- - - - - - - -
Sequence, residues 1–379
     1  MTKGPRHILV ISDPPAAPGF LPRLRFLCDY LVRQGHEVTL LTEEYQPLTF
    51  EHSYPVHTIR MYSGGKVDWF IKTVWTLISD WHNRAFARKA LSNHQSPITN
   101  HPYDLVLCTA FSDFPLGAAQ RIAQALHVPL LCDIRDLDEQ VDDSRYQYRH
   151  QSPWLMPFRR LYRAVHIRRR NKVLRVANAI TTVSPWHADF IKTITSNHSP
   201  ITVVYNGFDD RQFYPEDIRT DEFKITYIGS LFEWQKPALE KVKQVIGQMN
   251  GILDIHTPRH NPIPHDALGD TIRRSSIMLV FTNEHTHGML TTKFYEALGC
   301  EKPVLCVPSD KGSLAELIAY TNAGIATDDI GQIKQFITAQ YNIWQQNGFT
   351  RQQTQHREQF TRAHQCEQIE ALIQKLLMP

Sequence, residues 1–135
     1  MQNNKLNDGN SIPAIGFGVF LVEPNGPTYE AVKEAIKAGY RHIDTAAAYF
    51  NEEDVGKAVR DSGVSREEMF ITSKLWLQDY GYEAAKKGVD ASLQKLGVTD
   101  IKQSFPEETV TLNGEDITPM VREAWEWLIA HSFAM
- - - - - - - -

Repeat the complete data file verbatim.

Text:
Sequence, residues 1–379
     1  MTKGPRHILV ISDPPAAPGF LPRLRFLCDY LVRQGHEVTL LTEEYQPLTF
    51  EHSYPVHTIR MYSGGKVDWF IKTVWTLISD WHNRAFARKA LSNHQSPITN
   101  HPYDLVLCTA FSDFPLGAAQ RIAQALHVPL LCDIRDLDEQ VDDSRYQYRH
   151  QSPWLMPFRR LYRAVHIRRR NKVLRVANAI TTVSPWHADF IKTITSNHSP
   201  ITVVYNGFDD RQFYPEDIRT DEFKITYIGS LFEWQKPALE KVKQVIGQMN
   251  GILDIHTPRH NPIPHDALGD TIRRSSIMLV FTNEHTHGML TTKFYEALGC
   301  EKPVLCVPSD KGSLAELIAY TNAGIATDDI GQIKQFITAQ YNIWQQNGFT
   351  RQQTQHREQF TRAHQCEQIE ALIQKLLMP

Sequence, residues 1–135
     1  MQNNKLNDGN SIPAIGFGVF LVEPNGPTYE AVKEAIKAGY RHIDTAAAYF
    51  NEEDVGKAVR DSGVSREEMF ITSKLWLQDY GYEAAKKGVD ASLQKLGVTD
   101  IKQSFPEETV TLNGEDITPM VREAWEWLIA HSFAM